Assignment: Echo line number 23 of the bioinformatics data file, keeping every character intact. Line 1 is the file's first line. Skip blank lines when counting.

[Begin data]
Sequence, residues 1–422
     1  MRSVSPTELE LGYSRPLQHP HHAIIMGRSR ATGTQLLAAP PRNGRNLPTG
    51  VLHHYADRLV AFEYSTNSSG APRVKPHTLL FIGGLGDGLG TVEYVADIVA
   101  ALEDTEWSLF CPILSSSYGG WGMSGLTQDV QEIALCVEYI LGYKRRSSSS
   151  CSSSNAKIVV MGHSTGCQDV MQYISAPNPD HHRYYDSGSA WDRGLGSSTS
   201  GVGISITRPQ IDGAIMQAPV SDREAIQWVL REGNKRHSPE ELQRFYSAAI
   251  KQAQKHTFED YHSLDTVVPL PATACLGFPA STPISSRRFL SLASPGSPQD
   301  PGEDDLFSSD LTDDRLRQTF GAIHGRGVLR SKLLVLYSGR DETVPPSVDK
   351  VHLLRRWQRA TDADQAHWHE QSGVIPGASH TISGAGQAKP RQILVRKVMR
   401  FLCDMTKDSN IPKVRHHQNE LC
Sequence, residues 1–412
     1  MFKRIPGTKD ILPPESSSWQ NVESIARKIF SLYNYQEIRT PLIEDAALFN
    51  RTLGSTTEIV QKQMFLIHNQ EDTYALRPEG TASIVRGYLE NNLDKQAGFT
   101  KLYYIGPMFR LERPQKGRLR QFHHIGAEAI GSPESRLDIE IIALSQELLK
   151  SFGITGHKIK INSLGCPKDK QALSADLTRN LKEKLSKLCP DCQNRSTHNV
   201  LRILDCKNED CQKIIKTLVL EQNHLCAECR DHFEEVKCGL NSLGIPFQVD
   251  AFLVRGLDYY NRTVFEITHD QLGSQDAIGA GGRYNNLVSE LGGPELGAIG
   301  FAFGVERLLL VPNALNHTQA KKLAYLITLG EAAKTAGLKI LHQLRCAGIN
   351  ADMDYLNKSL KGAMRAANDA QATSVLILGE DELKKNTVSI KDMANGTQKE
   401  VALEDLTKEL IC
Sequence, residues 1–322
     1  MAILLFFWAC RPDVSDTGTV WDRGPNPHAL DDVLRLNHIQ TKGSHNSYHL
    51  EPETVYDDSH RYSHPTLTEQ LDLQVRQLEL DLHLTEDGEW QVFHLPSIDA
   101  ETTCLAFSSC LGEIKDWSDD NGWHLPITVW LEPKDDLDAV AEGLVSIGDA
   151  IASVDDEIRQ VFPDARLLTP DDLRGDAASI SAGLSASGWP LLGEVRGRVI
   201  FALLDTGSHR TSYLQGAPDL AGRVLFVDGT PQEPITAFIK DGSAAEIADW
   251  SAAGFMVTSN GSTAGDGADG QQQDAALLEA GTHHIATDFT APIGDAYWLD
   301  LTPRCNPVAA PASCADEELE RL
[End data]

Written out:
    51  EPETVYDDSH RYSHPTLTEQ LDLQVRQLEL DLHLTEDGEW QVFHLPSIDA